Nine months after our divorce I ran into an old co-worker that let it slip that he was in the hospice program and I knew that meant he didn’t have much time left. Shortly after I ran into Simpson’s mother at the grocery store and tried to strike up a conversation–hoping she would let me know how he was–and she fairly hissed at me, and then shrieked to go away and leave her alone. I ran from the grocery store, angry and hurt. I have no idea what he must have been telling her about me to have that reaction.
A few weeks later, a letter came from Simpson apologizing for what he had done to me, and a few weeks after that, he died. I never saw him or talked to him. I couldn’t go to the funeral after that episode with his mother. I’ve never seen his kids. We were together for ten years. Three years now since his death– and I still feel unsettled. I still feel I grieve. The anger over the divorce is gone, but the emptiness of losing a spouse is there.
I’m a divorcee–and yet not–because he’s gone. I’m a widow–and yet not–because society doesn’t see it that way. I’m stuck in a hard place where very few people will admit to being although I know they are there. You can go to divorce support groups. You can go to support groups for widows…. but where’s the support group for those who have lost two different ways?
So anyway, Lee, don’t know how much help that will be except to let someone know they are not alone. I am just letting time heal the wounds, and going on with life in hopes that some other relationship will come my way before I’m ancient. If not, well, I had a brief shining moment and for that will have to feel content.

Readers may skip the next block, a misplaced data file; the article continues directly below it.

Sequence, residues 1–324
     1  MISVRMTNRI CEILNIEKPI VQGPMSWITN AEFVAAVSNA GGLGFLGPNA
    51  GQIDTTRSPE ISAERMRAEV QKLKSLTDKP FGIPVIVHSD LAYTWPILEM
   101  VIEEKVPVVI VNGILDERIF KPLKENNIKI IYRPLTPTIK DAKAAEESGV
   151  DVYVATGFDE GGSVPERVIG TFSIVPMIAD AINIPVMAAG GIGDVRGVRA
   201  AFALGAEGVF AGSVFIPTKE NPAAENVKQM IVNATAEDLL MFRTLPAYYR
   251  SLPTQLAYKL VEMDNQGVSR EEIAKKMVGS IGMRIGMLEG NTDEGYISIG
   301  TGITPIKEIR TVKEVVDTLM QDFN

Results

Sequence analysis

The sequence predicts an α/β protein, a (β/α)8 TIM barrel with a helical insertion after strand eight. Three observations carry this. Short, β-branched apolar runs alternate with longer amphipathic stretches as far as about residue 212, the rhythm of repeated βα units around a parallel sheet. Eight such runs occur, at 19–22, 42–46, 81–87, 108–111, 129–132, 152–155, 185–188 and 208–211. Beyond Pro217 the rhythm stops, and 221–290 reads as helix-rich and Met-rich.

The Community Doesn’t Help
When the spouse of one of our friends dies, we know what to do. We call. We send flowers or a card. We visit. We take a casserole.
When there’s an exspouse involved, the first problem is that we often don’t even think of the former spouse. It just doesn’t even cross our mind that they might still have feelings for the person who died. The second problem is that we generally don’t know what to do. Should we call? Should we try to cheer up the exspouse? Will the exspouse be offended that we thought they might still love this person?
Because we’re confused, we do what humans naturally do when they’re confused:
We do nothing.
The number one complaint I’ve heard from exspouses after the death of their former husband or wife is that they went through it alone.
Just pain. And loneliness. And anger. And regret. And more pain.
What You Can Do
So what does that mean you do? I think for starters you reflect on how all this is going to be, so that when it happens to you you’ll be a little more prepared for it. Next, you can print this piece and give it to some friends so they’ll know how you need them to care for you.
Finally, maybe, just maybe, you can change the world. You can decide that you’re going to be the person who is attentive to the feelings of loss and pain that exspouses feel when their former spouse dies. You can decide that something good can come from this whole cruddy experience.